Nowadays, people think of Jun Sabayton as a comedian thanks in large part to shows like “Wasak,” “Tanods” and “Kontrabando” as well as films like “Blue Bustamante” and most recently the QCinema entry, “Dormitoryo: Mga Walang Katapusang Kwarto.”
Not too many are aware, however, that before he started facing the cameras, Sabayton was a jack-of-all-trades behind the scenes as a crew member for various films and TV series. He was an accomplished production designer who was a co-winner of a Gawad Urian award for his work in Lav Diaz’s “Ebolusyon ng Isang Pamilyang Pilipino.” He also directed several episodes of “History with Lourd.”
It comes as no surprise that there’s a serious side to Sabayton that he shows from time to time when the occasion calls for it. Recently, he went to Leyte to commemorate the fourth anniversary of the onslaught of killer typhoon Haiyan, or Yolanda as it is called here in the Philippines.
As the latest negotiations on climate change are now taking place at the 23rd Conference of Parties to the United Nations Framework Convention on Climate Change in Bonn, Germany, Sabayton joined over 500 Leyte youth and local community members in a visual message calling for climate justice in a world where extreme weather events are fast becoming more prevalent and whose impact continues to spread beyond national jurisdictions and other boundaries.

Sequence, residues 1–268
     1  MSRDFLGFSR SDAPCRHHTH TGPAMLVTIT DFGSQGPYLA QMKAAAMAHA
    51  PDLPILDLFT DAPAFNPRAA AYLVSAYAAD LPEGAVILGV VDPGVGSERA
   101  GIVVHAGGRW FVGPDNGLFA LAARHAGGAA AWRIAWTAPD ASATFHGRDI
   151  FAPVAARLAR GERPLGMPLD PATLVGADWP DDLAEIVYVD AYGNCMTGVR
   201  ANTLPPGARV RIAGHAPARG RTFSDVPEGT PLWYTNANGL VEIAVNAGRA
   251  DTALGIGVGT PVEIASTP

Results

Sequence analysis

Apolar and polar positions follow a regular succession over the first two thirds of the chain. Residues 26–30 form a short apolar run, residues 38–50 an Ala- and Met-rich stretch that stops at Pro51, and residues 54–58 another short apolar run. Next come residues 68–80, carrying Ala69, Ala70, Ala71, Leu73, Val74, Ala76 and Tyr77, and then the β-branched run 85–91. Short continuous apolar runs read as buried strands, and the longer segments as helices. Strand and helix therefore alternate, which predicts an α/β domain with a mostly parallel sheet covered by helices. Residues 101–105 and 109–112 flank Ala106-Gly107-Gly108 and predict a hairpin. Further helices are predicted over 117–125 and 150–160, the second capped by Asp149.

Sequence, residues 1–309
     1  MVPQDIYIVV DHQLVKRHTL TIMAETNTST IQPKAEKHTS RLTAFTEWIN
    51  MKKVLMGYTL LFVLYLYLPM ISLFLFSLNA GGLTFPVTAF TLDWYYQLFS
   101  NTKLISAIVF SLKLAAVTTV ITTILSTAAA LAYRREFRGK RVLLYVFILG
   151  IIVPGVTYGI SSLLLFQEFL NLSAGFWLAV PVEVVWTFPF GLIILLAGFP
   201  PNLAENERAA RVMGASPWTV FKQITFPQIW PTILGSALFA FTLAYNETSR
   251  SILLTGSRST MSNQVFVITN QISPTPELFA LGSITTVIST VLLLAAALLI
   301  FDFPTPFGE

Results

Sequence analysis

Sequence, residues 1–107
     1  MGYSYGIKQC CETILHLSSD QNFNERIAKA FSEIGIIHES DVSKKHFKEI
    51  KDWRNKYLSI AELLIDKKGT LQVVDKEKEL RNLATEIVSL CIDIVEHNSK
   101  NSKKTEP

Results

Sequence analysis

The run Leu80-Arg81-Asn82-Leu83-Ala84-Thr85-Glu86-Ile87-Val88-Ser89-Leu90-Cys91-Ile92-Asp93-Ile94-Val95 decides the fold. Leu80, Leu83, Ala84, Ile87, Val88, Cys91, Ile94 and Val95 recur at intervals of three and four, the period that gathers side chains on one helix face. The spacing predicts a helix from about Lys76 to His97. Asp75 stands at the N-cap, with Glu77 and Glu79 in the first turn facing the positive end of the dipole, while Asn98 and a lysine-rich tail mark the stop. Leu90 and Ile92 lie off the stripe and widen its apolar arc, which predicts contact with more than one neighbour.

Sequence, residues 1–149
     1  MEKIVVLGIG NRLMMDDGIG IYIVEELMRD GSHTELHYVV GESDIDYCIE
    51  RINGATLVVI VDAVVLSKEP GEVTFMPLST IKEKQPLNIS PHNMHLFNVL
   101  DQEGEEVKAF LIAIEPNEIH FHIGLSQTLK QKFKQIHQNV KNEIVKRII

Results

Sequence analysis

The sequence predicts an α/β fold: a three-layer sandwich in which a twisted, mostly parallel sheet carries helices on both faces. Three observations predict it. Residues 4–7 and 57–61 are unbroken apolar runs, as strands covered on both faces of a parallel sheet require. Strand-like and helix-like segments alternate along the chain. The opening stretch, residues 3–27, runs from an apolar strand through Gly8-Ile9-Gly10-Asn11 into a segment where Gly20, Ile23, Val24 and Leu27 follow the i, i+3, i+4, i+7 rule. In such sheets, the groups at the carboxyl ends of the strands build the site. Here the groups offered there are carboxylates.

In the video below, Sabayton interviewed Yeb Saño, Greenpeace Southeast Asia’s executive director, who reiterated the clamor for “climate justice.”
“The voice that we wanted the whole world to hear is that the crisis of climate change can be addressed if we stand together. Challenges can be translated into opportunities while sickness and suffering can be translated into something beautiful,” Saño said in mostly Filipino.
Yolanda was a devastating typhoon that brought catastrophic damage to central Philippines, particularly in the provinces of Leyte and Samar. Over 6,329 casualties were officially reported although many more were killed while millions of families were displaced.
Coincidentally, the Haiyan anniversary and the COP 23 UN climate talks are taking place at right about the same time as the Asian tour of United States president Donald Trump. Trump, who is known for taking a dismissive position on the threat of climate change, will be in the Philippines from November 12 to 13.
“While Trump seems to deny climate change and apparently defends fossil fuel interests, Filipinos have learned the hard way that climate change is real and happening now. Greenpeace stands with typhoon survivors and all those impacted by climate change, and especially with the brave activists fighting for climate justice through the courts,” Saño pointed out.
Watch Jun Sabayton’s video here: